When you die and leave a Will, it is important that your Executor (the person you appoint in your Will to carry out your wishes and distribute your Estate) ascertains whether or not your Estate requires Probate.
In New South Wales, an Estate requires a grant of Probate if:
- The value of the Estate is $50,000.00 or more;
- There is real estate and it is not passing between ‘joint tenants’; or
- One of the ‘asset holders’, such as a Bank, requires you to obtain Probate to release that asset for distribution to the beneficiaries.
If a grant of Probate is not required, you can communicate with the asset holders and they will provide you with instructions on how to have the asset released for distribution.
If a grant of Probate is required, a Notice of Intention to Apply for Probate must be filed with the Supreme Court of NSW. This can be done online, using the NSW Courts online portal.
14 days after the Notice of Intention to Apply for Probate has been filed, an application for Probate can be made. An application need to be prepared and filed with the Supreme Court of NSW, along with the filing fee. The application consists of:
- Summons for Probate;
- Draft grant of Probate;
- Affidavit of Executor; and
- Inventory of Property.
The filing fee differs depending on the value of the Estate. You can see the filing fees for the Supreme Court of NSW here http://www.supremecourt.justice.nsw.gov.au/Pages/Current-fees.aspx
Generally, an application for Probate can take up to six weeks to be approved by the Registrar of the Court. If the Registrar has any questions to ask in relation to the application, a Requisition will be sent from the Court seeking further information.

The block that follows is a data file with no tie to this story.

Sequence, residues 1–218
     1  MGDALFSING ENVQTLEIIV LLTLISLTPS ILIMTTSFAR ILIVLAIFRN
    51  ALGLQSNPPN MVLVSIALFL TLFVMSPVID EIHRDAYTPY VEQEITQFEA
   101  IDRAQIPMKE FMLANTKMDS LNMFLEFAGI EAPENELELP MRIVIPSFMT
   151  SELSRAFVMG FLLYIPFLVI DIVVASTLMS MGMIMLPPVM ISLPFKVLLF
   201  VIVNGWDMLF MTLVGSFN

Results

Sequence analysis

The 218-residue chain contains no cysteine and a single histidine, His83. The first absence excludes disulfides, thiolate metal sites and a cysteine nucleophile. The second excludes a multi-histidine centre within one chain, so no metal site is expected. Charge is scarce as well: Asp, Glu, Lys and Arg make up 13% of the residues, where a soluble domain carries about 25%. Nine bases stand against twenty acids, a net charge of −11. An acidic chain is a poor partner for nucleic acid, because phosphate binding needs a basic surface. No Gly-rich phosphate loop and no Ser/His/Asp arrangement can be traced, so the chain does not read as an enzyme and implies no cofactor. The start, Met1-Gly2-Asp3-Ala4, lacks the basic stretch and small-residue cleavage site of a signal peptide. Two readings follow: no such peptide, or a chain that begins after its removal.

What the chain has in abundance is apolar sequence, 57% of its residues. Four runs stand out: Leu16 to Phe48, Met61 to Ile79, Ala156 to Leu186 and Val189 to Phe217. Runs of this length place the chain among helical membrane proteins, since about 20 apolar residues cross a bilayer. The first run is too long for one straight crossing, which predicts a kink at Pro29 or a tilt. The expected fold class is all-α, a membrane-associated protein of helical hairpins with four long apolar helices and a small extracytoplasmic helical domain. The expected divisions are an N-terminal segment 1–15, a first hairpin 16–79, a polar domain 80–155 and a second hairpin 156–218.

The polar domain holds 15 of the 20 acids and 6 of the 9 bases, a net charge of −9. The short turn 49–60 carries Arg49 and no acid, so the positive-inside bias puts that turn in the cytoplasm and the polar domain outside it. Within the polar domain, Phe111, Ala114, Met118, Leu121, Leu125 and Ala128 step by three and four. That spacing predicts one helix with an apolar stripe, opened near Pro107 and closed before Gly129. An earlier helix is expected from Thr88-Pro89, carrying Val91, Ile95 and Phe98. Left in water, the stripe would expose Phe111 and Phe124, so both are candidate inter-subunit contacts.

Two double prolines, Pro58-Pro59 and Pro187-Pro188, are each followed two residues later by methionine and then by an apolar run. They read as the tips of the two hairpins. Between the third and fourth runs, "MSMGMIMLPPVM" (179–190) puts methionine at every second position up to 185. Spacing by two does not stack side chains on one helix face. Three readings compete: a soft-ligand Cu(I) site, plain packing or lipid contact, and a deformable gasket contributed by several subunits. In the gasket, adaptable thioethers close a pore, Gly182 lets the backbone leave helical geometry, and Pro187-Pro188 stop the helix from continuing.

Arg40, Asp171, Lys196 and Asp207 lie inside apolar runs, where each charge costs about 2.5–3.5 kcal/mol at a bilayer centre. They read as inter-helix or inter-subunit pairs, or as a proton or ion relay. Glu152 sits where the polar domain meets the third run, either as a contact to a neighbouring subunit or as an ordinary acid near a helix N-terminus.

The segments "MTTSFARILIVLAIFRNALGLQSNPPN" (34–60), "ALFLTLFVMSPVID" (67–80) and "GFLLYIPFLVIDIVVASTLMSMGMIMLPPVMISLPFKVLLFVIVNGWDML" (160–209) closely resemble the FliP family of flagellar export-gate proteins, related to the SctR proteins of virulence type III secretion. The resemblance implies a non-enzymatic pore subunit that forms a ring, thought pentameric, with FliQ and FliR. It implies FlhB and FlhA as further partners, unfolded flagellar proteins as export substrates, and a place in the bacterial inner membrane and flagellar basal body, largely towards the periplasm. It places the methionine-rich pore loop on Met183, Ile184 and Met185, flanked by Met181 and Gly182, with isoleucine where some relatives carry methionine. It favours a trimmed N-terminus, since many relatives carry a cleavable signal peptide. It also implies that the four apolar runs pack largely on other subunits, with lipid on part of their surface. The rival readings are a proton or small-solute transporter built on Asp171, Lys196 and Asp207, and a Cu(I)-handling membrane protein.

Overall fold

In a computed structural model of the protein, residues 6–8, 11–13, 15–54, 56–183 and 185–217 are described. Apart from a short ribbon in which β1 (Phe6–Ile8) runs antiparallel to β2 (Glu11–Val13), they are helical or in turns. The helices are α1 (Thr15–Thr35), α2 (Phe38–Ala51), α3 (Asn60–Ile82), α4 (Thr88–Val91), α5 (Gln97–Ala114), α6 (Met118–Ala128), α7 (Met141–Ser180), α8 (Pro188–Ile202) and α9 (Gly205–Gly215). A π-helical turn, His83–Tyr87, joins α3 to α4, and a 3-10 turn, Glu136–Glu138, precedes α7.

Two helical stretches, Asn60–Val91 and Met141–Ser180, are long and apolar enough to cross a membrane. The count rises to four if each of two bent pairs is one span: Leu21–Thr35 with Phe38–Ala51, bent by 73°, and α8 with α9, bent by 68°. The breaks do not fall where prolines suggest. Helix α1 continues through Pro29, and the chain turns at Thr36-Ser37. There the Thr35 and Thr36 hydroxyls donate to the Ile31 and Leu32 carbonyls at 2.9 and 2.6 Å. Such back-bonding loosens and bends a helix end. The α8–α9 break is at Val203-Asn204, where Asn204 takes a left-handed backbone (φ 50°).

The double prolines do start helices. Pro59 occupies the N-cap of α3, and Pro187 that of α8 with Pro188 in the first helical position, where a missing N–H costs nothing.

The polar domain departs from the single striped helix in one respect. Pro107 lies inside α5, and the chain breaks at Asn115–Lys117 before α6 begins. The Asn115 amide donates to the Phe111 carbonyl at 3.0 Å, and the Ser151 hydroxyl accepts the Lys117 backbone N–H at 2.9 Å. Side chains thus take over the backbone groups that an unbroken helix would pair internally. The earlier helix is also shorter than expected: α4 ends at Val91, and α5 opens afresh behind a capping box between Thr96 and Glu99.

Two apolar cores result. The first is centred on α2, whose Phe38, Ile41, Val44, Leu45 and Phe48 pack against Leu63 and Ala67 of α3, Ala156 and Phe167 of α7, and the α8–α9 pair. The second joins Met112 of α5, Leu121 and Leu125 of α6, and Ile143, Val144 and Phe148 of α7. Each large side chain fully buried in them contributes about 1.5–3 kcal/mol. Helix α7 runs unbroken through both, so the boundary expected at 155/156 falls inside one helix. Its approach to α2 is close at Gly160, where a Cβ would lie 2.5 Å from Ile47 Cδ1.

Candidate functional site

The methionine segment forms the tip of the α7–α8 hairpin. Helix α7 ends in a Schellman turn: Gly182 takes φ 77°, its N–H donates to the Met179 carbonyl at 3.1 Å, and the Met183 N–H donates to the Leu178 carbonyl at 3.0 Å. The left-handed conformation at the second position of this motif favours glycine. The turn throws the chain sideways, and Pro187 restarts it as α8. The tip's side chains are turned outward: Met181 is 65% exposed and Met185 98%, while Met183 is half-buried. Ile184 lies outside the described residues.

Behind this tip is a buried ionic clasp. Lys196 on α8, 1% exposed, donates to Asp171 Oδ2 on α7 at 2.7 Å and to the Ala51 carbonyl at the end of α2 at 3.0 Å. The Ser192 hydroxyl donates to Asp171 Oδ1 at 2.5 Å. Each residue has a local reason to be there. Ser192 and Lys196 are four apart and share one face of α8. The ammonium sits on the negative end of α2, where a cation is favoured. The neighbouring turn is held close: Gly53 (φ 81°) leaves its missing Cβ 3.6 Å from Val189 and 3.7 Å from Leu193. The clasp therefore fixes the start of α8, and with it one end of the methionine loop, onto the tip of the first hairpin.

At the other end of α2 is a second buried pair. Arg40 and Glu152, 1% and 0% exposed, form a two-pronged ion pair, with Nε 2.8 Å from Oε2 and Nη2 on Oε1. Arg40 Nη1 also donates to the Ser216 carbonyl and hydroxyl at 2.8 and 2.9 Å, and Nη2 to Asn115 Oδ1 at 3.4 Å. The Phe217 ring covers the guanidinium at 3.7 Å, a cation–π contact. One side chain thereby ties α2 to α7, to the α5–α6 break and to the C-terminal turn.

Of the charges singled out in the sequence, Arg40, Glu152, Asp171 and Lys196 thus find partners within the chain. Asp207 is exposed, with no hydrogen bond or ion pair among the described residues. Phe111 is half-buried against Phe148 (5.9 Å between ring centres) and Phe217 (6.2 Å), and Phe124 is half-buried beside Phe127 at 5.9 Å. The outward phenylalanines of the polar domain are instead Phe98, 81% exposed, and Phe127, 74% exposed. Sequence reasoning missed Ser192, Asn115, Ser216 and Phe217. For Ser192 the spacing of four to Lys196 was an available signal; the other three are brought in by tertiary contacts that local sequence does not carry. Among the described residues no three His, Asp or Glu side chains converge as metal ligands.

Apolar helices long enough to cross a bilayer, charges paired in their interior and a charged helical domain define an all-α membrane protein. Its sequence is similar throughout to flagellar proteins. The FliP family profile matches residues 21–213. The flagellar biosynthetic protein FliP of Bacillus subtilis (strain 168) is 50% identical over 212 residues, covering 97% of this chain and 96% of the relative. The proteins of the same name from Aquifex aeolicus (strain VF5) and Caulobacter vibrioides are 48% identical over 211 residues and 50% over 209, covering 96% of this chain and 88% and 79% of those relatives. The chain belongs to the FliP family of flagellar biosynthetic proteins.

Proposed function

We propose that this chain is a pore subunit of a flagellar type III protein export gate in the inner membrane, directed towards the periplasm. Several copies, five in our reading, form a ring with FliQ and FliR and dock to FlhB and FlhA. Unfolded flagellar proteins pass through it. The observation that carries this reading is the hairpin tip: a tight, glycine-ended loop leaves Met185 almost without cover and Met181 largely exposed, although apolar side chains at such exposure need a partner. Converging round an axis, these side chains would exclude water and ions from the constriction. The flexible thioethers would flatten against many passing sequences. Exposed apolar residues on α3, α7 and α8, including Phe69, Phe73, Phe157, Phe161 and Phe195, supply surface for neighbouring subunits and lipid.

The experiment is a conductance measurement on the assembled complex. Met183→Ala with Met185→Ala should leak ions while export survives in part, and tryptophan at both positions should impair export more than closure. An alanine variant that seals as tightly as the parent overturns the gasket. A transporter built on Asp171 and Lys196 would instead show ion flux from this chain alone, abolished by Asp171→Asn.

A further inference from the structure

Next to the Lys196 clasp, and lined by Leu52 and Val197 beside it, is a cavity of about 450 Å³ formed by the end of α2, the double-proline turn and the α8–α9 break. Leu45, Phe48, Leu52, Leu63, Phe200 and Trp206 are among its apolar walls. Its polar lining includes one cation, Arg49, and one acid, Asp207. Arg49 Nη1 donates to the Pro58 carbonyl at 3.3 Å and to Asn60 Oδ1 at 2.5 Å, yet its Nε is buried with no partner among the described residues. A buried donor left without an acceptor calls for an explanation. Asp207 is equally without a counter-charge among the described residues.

Once Probate has been granted, a sealed copy of the grant will be sent by the Court. A certified copy of Probate should be sent to the asset holders and release of the asset (such as money at the bank) can be sought. Asset holders typically release assets into a bank account in the name of the Estate, or into the Solicitor’s Trust Account. However, every bank has different requirements.
A Notice of Intended Distribution of the Estate needs to be filed at least 30 days prior to distributing the Estate.
Waiting periods to be aware of
If a deceased person owes money to someone, creditors have up to six months, from the date of death, to make a claim against the Estate. If you are the Executor of an Estate and you know or, or are unsure whether there are any, debts owed by the deceased, it is safest not to distribute until after the six month period has expired.
Eligible persons have 12 months from the date of death to make a ‘Family Provision Claim’ against the Estate. Not just anybody can make a Family Provision Claim, they must be an eligible person under the Succession Act 2006 (NSW). Such a person can make a claim that they were not adequately provided for under the Will of the deceased.
If the Estate has already been distributed before these periods expire, and a successful claim is made either by a Creditor or by a Family Provision claimant, the Executor is left personally liable to pay those successful claims. This is why we do not recommend distributing prior to 12 months from the date of death.
By Laura J Burge, Solicitor at Kent Law Group
It is important that anyone dealing with a deceased Estate obtains legal advice. If you need assistance, please give our friendly team at Kent Law Group at call on (02) 4323 1900.